Michele du Plessis
It’s the season to be jolly… Christmas trees decorated with tinsel, shops full of beautifully decorated things that scream buy me, buy me! People shop till they drop, buying presents and “oh! My mother would love this!” exclamations. Prices soar, credit cards are maxed out in one shopping extravaganza and in January when all the spending madness is over and done, we pale when receiving credit card statements. Is this madness worth it all?
Do we ever stop and wonder why are we doing this? Year in and year out, we decorated with red and green and gold. We put ribbons on presents, the candles are lit all over and we place ”the star” right on top of the tree. Cats get bells hung around their necks, dogs get Father Christmas hats, candy canes turn into must-have and wreaths decorate doors and windows. Why are we doing it?
As one generation take over from the previous one, traditions get passed on. “Granny did it this way, Mom did it this way and now we do it this way,” is the way forward. Keep the tradition alive, pass it on to the next generation. Do we explain why we are continuing the traditions?
There is so much symbolism in the traditions that we pass on. While everybody knows that the tree-top star represents the Star of Bethlehem and that the candy cane represents the shepherd’s crook, referencing to the Good Shepherd, how much else do we know about the symbols?
Let’s look at some of the symbols of Christmas…
The colour red is used at Christmas to represent the blood of Jesus when he died on the cross. The colour green signifies everlasting light and life. Bells are rung during Christmas to proclaim the arrival of the season and to announce the birth of Jesus. The wreath is a circular, never-ending symbol of eternal love and rebirth. Holly also stands for immortality and cedar for strength. Today, the wreath symbolizes generosity, giving, and the gathering of family.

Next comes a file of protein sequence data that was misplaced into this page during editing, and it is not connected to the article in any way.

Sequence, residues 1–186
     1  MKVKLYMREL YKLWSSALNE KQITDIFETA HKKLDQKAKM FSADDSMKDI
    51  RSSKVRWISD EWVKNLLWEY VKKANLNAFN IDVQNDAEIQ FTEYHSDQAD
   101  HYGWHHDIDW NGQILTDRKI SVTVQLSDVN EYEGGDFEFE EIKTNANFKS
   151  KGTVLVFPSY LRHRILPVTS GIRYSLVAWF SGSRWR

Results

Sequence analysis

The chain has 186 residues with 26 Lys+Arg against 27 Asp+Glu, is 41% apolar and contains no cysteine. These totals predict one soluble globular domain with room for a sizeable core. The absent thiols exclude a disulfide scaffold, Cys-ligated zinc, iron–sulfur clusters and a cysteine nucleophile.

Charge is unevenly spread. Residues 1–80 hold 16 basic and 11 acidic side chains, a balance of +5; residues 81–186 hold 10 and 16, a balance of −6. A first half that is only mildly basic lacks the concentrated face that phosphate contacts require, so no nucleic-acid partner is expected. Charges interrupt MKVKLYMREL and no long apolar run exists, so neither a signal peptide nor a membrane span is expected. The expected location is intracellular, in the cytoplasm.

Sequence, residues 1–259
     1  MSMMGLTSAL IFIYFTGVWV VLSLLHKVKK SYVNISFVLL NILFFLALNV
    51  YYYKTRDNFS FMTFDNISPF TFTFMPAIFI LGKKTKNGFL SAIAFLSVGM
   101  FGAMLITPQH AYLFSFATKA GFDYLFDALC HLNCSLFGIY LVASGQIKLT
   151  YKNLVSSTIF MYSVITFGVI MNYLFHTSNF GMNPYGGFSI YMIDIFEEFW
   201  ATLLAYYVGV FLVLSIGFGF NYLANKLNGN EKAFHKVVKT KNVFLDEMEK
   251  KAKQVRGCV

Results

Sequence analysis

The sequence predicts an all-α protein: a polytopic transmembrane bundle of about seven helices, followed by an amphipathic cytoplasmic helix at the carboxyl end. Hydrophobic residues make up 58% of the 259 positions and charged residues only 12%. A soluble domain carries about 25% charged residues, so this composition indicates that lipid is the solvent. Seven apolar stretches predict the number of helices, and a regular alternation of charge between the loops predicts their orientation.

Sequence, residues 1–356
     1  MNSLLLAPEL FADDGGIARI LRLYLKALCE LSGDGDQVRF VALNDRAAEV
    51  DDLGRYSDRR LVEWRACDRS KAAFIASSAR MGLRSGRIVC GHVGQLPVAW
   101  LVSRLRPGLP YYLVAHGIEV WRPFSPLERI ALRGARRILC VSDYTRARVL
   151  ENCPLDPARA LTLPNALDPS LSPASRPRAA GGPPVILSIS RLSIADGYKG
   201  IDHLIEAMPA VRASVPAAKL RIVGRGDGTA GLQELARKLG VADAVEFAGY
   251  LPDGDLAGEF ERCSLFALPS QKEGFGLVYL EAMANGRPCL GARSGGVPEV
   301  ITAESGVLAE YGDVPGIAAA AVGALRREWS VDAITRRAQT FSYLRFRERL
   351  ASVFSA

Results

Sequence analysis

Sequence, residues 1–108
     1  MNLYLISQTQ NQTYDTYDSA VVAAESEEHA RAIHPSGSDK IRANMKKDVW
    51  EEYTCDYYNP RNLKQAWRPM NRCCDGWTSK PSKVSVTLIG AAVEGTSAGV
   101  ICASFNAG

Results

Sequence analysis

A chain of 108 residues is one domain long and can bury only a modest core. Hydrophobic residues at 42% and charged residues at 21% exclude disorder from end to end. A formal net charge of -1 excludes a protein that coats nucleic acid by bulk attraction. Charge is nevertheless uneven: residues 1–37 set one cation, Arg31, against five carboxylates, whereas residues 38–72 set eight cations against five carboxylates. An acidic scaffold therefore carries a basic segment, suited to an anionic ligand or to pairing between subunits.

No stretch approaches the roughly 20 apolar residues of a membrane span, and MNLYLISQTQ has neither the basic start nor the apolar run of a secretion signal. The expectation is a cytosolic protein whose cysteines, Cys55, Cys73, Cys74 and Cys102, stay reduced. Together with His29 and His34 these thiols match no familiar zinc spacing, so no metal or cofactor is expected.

The men who brought their gifts to honour the birth of Jesus inspired the concept of giving gifts during the holiday. A ribbon is tied around a gift to represent how people should all be tied together in bonds of unity and goodwill during the holiday season.
Mistletoe is an aerial parasite that has no roots of its own. It lives off the tree to which it attaches itself and, without that tree, it would die. Mistletoe is a Christmas symbol of our love which derives from and exists only because God loves us. God, Who is Love, created us in love and caused us to be able to love.
Santa Claus is a corruption of Saint Nicholas, fourth Bishop of Myra (located in modern Turkey) whose feast day is December 6th. He is also called Saint Nicholas of Bari after his relics were taken to Bari, Italy, in 1087. Saint Nicholas was known for taking to heart Jesus’ words about almsgiving. The bishop’s mitre and fur-trimmed red winter garments were corrupted into Santa’s outfit, while Saint Nicholas’s generosity was transferred to the “jolly old man” who delivers gifts anonymously on Christmas Eve.